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Students expelled for leading racist chant on bus: ‘hostile learning environment’

The University of Oklahoma appears to be asking for a lawsuit, because it just expelled two students for their speech on a bus.

President David Boren confirmed today that he acted against those two students, who allegedly led the chanting of a racist song, because they created “a hostile learning environment” on the way to a fraternity event.

The fraternity chapter has already been kicked out of Sigma Alpha Epsilon and lost its university house.

Boren fixates on the fact that the leaked video of the chanting went viral. His press release states that the chant on the bus “also impacted the entire university community as it was also distributed through social media.”

The president called for “zero tolerance” toward “threatening racist behavior” on campus or anywhere in “the entire nation.” The school will continue to investigate other students who appeared to be participating in the chant, and “they will be subject to appropriate disciplinary action.”


The Oklahoma Daily identified one of the expelled students as Parker Rice, a freshman from Dallas and graduate of a Jesuit prep school.

Boren’s move, even before it was confirmed, drew backlash from First Amendment experts.

UCLA law professor Eugene Volokh wrote in the Washington Post that the school is running headlong into decades of legal precedent that “universities may not discipline students based on their speech”:

The university president wrote that the students are being expelled for “your leadership role in leading a racist and exclusionary chant which has created a hostile educational environment for others.” But there is no First Amendment exception for racist speech, or exclusionary speech, or … for speech by university students that “has created a hostile educational environment for others.”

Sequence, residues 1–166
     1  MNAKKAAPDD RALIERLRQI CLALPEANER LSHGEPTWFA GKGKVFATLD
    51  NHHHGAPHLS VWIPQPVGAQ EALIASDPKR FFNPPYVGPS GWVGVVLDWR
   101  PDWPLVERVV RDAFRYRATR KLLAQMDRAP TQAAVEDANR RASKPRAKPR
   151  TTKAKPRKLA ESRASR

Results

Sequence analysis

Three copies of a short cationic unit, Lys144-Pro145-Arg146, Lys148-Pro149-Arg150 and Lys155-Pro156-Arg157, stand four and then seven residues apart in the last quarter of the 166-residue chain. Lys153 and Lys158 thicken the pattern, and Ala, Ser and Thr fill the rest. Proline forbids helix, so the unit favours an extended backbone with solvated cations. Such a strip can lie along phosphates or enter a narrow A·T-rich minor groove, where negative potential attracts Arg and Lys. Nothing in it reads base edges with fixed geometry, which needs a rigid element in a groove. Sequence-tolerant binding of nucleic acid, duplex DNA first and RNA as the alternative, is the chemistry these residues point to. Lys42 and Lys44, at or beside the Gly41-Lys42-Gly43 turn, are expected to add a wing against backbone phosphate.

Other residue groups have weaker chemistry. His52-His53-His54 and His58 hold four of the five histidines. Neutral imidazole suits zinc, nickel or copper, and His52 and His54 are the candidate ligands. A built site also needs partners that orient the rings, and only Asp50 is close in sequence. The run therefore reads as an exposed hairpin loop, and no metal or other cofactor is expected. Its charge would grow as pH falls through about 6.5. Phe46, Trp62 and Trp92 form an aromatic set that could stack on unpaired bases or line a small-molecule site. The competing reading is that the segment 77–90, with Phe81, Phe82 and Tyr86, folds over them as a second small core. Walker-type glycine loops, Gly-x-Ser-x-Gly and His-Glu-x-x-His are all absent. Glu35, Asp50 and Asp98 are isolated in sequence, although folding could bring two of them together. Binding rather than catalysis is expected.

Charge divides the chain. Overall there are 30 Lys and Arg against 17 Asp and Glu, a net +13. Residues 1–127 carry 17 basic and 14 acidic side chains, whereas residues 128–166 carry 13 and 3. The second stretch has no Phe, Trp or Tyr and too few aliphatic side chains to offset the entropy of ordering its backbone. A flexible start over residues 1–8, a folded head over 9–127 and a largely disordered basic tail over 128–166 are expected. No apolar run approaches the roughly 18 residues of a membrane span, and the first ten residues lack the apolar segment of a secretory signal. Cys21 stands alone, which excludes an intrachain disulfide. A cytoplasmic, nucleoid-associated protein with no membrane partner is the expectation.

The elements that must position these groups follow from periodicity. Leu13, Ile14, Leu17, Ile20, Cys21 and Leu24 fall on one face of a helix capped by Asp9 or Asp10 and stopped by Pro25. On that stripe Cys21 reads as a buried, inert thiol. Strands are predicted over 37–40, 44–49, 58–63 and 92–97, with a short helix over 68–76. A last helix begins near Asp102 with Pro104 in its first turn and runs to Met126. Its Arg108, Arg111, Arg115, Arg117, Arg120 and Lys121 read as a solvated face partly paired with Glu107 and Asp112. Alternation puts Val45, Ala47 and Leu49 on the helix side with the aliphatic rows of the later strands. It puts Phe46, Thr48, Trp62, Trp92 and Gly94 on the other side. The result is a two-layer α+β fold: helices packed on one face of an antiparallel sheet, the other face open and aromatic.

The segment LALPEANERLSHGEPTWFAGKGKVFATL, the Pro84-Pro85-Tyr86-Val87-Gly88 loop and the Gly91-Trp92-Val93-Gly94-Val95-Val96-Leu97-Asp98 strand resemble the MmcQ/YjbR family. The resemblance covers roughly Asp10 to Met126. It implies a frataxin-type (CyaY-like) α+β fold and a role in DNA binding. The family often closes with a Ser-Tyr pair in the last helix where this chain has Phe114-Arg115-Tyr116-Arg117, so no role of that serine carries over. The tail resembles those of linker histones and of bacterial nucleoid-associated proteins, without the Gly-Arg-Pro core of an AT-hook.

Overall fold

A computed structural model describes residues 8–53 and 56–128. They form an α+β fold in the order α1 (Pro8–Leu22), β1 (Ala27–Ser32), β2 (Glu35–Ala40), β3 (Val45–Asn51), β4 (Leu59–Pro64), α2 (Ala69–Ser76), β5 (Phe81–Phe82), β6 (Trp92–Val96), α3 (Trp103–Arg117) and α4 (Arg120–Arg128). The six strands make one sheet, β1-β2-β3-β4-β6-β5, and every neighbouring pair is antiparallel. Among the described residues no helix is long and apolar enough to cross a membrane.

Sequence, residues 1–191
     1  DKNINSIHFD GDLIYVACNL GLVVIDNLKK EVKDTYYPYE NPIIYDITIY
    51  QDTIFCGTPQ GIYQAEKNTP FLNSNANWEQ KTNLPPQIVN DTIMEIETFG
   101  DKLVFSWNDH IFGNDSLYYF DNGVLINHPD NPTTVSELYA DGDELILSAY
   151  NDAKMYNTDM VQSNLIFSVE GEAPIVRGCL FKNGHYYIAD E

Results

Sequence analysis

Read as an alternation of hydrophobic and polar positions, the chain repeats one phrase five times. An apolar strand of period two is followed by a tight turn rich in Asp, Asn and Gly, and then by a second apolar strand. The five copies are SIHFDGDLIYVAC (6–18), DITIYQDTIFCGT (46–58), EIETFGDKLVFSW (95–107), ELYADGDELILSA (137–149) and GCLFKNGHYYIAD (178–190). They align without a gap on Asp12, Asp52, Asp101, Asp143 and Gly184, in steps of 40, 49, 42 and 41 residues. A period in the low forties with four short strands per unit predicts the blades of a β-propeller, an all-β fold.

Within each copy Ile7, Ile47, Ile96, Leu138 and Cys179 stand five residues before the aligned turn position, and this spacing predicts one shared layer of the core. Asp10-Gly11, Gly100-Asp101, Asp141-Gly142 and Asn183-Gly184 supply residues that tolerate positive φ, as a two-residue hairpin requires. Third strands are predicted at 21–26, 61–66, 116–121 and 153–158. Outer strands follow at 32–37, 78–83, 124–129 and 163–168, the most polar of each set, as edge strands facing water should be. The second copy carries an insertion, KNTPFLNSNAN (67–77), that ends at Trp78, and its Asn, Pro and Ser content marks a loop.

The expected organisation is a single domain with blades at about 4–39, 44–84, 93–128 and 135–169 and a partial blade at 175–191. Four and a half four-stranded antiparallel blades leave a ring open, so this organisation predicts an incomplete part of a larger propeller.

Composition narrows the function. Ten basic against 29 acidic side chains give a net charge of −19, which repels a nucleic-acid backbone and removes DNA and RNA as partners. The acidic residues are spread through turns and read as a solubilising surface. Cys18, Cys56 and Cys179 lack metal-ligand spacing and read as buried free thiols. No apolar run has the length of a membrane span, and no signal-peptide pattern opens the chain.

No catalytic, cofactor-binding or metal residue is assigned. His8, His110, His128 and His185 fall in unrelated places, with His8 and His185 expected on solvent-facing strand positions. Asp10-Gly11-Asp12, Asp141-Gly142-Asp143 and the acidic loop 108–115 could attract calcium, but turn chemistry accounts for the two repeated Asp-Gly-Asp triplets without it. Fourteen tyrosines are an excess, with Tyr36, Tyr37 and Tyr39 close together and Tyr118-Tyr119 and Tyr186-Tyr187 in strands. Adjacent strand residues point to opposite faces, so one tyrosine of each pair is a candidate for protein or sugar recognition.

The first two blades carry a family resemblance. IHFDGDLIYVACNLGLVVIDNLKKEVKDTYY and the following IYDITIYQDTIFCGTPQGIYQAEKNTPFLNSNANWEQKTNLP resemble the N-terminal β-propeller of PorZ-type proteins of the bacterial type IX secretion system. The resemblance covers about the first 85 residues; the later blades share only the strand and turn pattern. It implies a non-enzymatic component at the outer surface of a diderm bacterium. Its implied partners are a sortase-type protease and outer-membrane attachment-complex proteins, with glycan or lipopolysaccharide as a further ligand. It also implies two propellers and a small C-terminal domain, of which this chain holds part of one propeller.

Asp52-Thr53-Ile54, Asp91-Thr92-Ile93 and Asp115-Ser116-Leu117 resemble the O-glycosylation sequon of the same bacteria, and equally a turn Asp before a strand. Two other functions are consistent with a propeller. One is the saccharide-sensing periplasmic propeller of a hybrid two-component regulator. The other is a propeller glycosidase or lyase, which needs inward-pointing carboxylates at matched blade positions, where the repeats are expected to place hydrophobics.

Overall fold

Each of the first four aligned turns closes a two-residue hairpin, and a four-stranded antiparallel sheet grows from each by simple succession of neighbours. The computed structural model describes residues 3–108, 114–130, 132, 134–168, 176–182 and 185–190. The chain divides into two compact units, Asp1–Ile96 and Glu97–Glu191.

Volokh continues that the speech called “threatening” by Boren wouldn’t be perceived as a “true threat” against any listener, and so is not grounds for expulsion.

The Foundation for Individual Rights in Education said the students can’t be punished for their speech “unless there are more factors of which we are not yet aware”:

As a private organization, the SAE national fraternity is free to punish the chapter, as it has done. Other citizens and groups are free to refuse to associate with the fraternity members based on their expression, and students, faculty, and administrators may of course condemn it. If the expression itself is evidence of other unlawful activity, such activity may be investigated. But the Supreme Court of the United States has ruled time and time again that government institutions like the University of Oklahoma may not punish people for expression protected by the First Amendment.

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About the Author
Associate Editor
Greg Piper served as associate editor of The College Fix from 2014 to 2021.